In the last five years, the government has spent about Rs 50 billion for the purchase of manure alone. The government has allocated Rs 11 billion for the purchase of chemical fertilizers for the current fiscal year, said GC. While Rs. 430 million has been allocated for the purchase of organic manure. He said that the demand for urea, potash, and DAP fertilizer in Nepal is around 700,000 metric tonnes per annum but there is no supply accordingly. He informed us that the country is currently importing around 400,000 metric tonnes annually.

In the previous fiscal year, the government had allocated Rs 9 billion for the purchase of chemical fertilizers, but when the amount was insufficient, an additional Rs 1.68 billion was spent on importing Rs 10.68 billion. The government has spent Rs. 45.09 billion for chemical fertilizers in the last five years including the current fiscal year. 5.44 billion in FY 2012/13, Rs. 4.80 billion in FY 2013/14 and FY 2013/14. 8 billion 370 million in 075/76 and 10 billion 680 million in 076/77 for the purchase of chemical fertilizers, said GC.

The government has only programs for organic farming and fertilizer use. According to agronomists, the Ministry of Agriculture has not been able to come up with innovative activities that will directly benefit the farmers. An official of the ministry says that the budget will not reach the hands of the farmers even if the organic manure improvement program is in operation.

What about options?

According to Bhandari, a senior scientist at the Center for Soil Science Research, it is difficult to find soil in Nepal without chemical fertilizers. When crops are planted in every season, a lot of nutrients are depleted from that soil. That is why the use of chemical fertilizers is increasing. He said that there is no need for fertilizer for indigenous crops as the soil of Nepal is suitable. ‘Fertilizer is not required for Kodo crop as it is suitable with Nepali soil. But it is necessary to start using its hybrid. Hybrids and other varieties were also brought in the paddy, the need for fertilizer has been seen after displacing the natives, ‘he said.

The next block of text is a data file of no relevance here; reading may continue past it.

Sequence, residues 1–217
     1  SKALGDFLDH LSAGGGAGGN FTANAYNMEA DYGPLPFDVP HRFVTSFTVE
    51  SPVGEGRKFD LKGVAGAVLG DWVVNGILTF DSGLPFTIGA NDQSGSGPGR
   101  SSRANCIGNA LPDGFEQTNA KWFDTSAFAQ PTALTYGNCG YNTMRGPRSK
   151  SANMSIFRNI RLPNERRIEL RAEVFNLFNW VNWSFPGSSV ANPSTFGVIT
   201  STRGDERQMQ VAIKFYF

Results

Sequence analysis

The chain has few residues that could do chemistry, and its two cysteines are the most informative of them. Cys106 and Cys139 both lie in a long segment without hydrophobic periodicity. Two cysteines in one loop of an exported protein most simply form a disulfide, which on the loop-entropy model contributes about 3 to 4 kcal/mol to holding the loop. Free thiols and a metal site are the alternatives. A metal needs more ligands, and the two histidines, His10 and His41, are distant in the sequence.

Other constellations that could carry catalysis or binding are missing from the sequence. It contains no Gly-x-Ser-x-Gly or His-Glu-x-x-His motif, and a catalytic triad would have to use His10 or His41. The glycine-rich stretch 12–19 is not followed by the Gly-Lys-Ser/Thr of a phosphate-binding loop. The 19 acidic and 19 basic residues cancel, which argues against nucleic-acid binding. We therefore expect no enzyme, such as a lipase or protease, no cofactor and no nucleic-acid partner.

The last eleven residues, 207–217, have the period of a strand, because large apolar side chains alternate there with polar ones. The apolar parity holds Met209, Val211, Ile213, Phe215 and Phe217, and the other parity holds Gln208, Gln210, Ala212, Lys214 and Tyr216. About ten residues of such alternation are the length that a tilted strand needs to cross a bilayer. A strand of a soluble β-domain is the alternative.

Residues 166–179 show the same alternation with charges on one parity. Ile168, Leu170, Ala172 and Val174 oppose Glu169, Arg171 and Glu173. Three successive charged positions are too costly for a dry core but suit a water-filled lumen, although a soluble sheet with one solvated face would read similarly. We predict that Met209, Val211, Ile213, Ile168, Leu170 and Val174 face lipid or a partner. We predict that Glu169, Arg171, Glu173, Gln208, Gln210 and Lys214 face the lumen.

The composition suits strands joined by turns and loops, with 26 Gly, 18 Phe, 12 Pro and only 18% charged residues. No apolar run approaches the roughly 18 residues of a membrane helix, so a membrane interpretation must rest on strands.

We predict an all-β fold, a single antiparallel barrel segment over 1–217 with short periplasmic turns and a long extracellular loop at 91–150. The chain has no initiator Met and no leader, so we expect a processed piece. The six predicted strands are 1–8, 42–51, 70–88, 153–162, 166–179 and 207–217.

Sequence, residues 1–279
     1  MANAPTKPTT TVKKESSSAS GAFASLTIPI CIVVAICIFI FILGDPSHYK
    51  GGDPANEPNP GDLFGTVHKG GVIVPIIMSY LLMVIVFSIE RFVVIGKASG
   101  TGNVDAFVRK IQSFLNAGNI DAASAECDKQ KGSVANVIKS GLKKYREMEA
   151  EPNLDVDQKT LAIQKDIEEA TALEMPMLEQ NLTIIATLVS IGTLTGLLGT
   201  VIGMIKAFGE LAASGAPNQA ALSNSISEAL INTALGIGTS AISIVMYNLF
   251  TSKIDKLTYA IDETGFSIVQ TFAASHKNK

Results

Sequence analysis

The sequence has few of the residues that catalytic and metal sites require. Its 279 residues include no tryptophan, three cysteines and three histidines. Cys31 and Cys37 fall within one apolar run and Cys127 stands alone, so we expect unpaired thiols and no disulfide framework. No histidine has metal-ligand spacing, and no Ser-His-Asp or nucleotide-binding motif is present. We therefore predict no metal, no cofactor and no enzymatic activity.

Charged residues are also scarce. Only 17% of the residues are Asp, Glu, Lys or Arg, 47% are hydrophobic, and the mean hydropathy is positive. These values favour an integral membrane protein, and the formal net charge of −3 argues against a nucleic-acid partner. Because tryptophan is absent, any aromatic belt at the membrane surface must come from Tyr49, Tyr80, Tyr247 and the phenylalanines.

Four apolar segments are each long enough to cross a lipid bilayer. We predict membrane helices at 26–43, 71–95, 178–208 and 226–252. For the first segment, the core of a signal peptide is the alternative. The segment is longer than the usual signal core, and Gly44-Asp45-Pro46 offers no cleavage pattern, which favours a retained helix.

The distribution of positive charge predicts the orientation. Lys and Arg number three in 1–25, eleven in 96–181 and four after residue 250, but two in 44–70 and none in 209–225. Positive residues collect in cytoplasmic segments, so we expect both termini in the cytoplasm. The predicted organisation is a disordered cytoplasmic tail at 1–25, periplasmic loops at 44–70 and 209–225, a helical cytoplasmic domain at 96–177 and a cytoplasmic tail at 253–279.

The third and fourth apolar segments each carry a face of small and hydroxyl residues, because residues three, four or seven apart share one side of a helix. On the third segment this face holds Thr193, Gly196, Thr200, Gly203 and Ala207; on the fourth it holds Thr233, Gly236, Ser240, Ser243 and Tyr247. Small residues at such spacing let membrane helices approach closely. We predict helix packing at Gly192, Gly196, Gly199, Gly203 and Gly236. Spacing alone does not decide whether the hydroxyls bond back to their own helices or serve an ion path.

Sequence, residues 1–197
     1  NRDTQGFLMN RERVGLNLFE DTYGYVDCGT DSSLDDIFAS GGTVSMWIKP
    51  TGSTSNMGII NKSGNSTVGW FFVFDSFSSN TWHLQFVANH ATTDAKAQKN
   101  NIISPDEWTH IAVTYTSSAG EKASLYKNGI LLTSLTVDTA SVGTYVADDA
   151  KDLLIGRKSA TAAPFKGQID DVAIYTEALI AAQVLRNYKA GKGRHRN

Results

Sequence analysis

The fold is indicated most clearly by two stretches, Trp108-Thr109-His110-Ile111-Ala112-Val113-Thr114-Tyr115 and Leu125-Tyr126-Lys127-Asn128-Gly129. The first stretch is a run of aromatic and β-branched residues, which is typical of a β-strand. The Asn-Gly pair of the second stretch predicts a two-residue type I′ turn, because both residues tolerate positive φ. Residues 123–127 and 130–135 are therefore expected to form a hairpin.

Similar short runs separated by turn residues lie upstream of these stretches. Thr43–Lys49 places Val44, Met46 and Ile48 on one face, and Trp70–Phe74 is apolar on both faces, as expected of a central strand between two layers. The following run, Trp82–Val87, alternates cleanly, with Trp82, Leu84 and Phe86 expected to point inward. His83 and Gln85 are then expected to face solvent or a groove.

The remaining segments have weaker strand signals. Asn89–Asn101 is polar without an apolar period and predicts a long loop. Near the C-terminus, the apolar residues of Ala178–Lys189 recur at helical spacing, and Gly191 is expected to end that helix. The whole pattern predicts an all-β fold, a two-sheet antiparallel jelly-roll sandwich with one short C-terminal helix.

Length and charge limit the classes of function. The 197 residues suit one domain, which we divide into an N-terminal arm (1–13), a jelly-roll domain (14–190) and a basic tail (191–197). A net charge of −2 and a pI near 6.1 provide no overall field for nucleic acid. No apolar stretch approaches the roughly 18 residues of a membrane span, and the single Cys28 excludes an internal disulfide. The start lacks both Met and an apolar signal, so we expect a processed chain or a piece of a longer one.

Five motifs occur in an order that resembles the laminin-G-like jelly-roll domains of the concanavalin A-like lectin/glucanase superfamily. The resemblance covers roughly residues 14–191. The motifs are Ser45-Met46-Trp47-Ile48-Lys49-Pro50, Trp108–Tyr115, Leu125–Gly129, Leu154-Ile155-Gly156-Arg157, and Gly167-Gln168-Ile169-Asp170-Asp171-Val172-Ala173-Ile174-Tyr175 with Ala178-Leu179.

He pointed out the need for fertilizer as hybrid and improved varieties are being used more than the native varieties of paddy, maize, and wheat. Experts say that the fertility of the soil decreases accordingly after planting improved varieties of seeds and crops. Krishna Poudel, an agronomist, says that even though fertilizer is needed for modern farming, now the focus should be on organic. Professor Jha says that the current crop has been ‘adopted’ with chemical fertilizers. He says, ‘We also had native crops. But they also started using chemical fertilizers saying it was a nutrient. Eventually, we could not produce without debris. ‘

Basnet, a paddy expert, suggests using green manure as an alternative to urea in paddy. He said that soil fertility should be good for paddy cultivation. He said that plants of Rostata species can be used as green manure in paddy. He said that fertility would be developed by sowing such seedlings a few months before planting paddy and uprooting them in the same soil.